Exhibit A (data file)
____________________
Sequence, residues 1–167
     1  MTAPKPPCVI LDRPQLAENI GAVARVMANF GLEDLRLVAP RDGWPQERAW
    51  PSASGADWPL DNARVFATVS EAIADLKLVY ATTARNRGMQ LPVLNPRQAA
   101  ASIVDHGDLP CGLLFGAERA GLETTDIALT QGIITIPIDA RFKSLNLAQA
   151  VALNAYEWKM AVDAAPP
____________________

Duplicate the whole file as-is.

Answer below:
Sequence, residues 1–167
     1  MTAPKPPCVI LDRPQLAENI GAVARVMANF GLEDLRLVAP RDGWPQERAW
    51  PSASGADWPL DNARVFATVS EAIADLKLVY ATTARNRGMQ LPVLNPRQAA
   101  ASIVDHGDLP CGLLFGAERA GLETTDIALT QGIITIPIDA RFKSLNLAQA
   151  VALNAYEWKM AVDAAPP